The Plot Planner replicates the energy of Universal Story and highlights the essential Energetic Markers in every great story. Creating a Plot Planner for your story allows you to step away from all the words and “see” your plot from beginning to end. It allows you to evaluate the sequence of your scene placement and the cause and effect at play.


Why is it important to develop a Scene Tracker when writing a novel?

A Scene Tracker allows you to analyze your scenes based on the 7 essential elements in every great scene.


How important is it for the novelist to show transformation in the main character?

If all the drama and excitement, conflict and suspense, mystery and romance in your story doesn’t affect your protagonist on a deep emotional level, what’s the point of your story? In other words, characters grow and change because of what happens from the beginning to the end of your story.


What one piece of advice would you give to new writers?

Understand that writing a novel from beginning to end takes you on an epic journey. You’ll learn as much about yourself as you do about stories the longer you write. Keep going. Trust the process.


Where can we find out more about you and your work?

@MarthaAlderson (FB)

@MarthaSAlderson (Instagram)

@PlotWhisperer (FB, Twitter, Instagram)


Thank you, Martha, for being with us today.

You’re more than welcome, Kay!


THE PLOT WHISPERER with Martha Alderson Click To Tweet




  • Good morning, Martha & Kay! I really appreciate you sharing the story behind The Plot Whisperer, that the concepts in it came from studying so many works. That really piqued my interest. Kay, thank you for this series – it has enriched my writing and reading lives. Martha, thank you so much for taking the time to tell us about your own journey into plot. I just bought a kindle edition of The Plot Whisperer, and I look forward to gleaning insights that will improve my fiction. See, you’ll own part of that – pretty cool!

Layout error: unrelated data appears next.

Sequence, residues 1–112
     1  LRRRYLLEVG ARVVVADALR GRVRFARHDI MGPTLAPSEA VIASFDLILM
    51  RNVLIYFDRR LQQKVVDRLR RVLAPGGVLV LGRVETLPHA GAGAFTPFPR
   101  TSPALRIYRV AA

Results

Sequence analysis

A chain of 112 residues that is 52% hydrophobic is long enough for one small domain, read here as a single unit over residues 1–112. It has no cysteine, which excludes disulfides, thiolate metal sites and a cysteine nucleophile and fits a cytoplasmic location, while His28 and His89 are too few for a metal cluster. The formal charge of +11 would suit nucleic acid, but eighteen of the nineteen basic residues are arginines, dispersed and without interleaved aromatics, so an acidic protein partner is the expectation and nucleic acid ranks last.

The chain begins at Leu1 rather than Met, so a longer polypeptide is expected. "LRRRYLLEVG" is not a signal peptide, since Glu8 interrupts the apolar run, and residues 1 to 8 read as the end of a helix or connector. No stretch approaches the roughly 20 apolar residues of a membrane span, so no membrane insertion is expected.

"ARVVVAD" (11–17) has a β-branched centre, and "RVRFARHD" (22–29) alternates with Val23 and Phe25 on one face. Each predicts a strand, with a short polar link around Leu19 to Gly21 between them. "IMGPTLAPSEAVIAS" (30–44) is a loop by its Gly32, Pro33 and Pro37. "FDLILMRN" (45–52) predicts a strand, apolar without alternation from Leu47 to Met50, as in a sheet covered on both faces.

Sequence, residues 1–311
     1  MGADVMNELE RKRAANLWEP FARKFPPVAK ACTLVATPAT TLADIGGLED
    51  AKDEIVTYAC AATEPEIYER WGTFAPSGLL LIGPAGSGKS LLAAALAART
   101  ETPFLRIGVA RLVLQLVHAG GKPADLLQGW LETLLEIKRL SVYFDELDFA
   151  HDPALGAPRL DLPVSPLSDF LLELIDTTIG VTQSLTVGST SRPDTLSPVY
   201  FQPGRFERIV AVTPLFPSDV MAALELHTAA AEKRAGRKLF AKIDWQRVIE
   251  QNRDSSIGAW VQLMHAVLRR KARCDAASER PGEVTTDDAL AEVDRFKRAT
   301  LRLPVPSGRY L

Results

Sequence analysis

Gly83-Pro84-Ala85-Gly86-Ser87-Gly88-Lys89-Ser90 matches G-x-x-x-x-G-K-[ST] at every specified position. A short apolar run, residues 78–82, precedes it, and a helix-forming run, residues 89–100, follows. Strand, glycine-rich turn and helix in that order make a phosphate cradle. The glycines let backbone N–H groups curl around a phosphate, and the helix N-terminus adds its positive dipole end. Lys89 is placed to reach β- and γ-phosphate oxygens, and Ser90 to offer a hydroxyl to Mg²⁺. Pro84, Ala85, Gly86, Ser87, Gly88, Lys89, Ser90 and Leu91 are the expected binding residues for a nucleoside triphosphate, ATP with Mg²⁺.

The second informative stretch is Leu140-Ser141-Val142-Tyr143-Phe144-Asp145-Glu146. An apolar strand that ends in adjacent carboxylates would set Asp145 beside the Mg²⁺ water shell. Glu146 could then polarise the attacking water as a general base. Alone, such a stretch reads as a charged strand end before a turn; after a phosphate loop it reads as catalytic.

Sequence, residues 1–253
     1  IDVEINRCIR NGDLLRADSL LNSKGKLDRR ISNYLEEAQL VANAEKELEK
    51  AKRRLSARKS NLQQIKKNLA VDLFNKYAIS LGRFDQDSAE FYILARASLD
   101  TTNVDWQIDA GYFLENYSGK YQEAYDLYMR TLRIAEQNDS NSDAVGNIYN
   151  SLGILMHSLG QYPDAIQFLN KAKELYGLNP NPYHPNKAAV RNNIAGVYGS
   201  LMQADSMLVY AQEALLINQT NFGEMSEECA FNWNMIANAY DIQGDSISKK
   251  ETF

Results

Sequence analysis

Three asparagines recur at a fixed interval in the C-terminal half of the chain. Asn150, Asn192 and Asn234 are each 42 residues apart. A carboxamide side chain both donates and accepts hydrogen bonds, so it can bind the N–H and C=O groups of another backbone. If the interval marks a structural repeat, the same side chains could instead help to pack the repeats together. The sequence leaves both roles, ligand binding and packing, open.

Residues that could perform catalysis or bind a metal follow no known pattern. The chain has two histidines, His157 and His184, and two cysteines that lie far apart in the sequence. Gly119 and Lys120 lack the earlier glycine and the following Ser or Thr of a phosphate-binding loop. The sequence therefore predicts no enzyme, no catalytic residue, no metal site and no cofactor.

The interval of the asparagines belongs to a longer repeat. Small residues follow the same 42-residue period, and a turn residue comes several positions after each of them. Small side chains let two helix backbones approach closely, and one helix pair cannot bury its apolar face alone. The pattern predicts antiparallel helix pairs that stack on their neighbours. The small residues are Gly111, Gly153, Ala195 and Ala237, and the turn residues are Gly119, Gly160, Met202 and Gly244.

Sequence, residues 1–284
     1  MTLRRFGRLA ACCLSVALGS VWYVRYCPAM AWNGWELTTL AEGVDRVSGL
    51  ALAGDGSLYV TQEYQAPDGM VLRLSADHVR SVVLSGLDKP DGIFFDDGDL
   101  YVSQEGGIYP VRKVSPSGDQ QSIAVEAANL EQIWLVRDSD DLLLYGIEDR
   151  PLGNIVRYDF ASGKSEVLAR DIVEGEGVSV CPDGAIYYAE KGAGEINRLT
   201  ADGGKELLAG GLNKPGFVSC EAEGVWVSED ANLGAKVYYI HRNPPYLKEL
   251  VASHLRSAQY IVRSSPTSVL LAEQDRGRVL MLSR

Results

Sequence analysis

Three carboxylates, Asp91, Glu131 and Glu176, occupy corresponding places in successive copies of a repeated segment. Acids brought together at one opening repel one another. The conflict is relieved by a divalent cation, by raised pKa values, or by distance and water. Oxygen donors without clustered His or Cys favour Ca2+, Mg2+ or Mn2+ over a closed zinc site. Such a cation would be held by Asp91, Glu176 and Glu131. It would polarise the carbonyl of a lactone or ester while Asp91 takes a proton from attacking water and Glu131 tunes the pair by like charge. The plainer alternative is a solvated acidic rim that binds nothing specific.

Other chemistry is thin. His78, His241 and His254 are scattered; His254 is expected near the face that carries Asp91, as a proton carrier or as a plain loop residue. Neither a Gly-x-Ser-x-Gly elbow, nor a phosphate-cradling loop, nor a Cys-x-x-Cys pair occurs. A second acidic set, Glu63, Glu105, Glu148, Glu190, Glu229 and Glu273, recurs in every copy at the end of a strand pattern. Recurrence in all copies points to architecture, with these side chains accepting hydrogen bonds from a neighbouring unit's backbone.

• Good morning, Lisa. I’ve enjoyed reading The Plot Whisperer. I especially like the way Martha differentiates between left- and right-brain people and their approach to writing. As a software developer, I’m left-brain all the way, but my writing seems to bring out the “right” in me.

      I’m looking forward to next month’s interview when my guest will be (drum roll) YOU! Can’t wait to discuss your award-winning book, Stork Bite.

      • Thanks again, Kay, for inviting me to your fantastic blog! I look forward to your readers comments and am happy to answer any questions they may have ❤️

      • Thank you, Kay. I’m so excited!

    • Hi Lisa,
      Yes, that’s the best thing that has come from writing my plot and creativity books – knowing my work helps others. Thank you. Writing a story from beginning to end that emotionally touches the reader isn’t always easy. Feeling like I help writers keep at it makes everything worthwhile ❤️
      Wishing you loads of happiness and success.

  • Martha,

    It’s an honor to have you on the blog today. I’m enjoying the richness of The Plot Whisperer.

    I have always kept a list of scenes for my books, but I’m going to add the other elements that you mention in your description of the scene tracker.

    Thanks again for being with us today.

    • This book I’m working on now is the first for which I’ve listed scenes. I called the list “Narrative Flow” – it’s the same idea, I think – and it’s been helpful to go back and refer to it. I’m eager to examine Martha’s take on scenes and the elements that should be present in each. This is a timely interview for me. Thanks again!

  • Okay this sounds very interesting! I need to look into this book. Anything that helps me with that plotting! Thanks for sharing.